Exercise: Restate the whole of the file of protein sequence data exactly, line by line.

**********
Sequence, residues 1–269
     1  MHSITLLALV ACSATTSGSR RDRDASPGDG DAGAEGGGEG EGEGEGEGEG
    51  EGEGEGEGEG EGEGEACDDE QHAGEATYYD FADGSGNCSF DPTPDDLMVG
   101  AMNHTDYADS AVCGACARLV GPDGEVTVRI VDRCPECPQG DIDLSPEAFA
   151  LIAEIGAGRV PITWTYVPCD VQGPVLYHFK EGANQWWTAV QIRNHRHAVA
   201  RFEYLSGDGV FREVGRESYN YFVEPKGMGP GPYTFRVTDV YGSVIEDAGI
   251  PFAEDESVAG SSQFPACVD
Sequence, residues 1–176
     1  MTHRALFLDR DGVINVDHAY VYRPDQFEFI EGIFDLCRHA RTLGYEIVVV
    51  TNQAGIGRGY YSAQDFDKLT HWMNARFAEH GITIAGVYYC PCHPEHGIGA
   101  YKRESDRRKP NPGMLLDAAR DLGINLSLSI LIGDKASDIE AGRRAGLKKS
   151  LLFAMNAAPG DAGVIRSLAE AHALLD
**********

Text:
Sequence, residues 1–269
     1  MHSITLLALV ACSATTSGSR RDRDASPGDG DAGAEGGGEG EGEGEGEGEG
    51  EGEGEGEGEG EGEGEACDDE QHAGEATYYD FADGSGNCSF DPTPDDLMVG
   101  AMNHTDYADS AVCGACARLV GPDGEVTVRI VDRCPECPQG DIDLSPEAFA
   151  LIAEIGAGRV PITWTYVPCD VQGPVLYHFK EGANQWWTAV QIRNHRHAVA
   201  RFEYLSGDGV FREVGRESYN YFVEPKGMGP GPYTFRVTDV YGSVIEDAGI
   251  PFAEDESVAG SSQFPACVD
Sequence, residues 1–176
     1  MTHRALFLDR DGVINVDHAY VYRPDQFEFI EGIFDLCRHA RTLGYEIVVV
    51  TNQAGIGRGY YSAQDFDKLT HWMNARFAEH GITIAGVYYC PCHPEHGIGA
   101  YKRESDRRKP NPGMLLDAAR DLGINLSLSI LIGDKASDIE AGRRAGLKKS
   151  LLFAMNAAPG DAGVIRSLAE AHALLD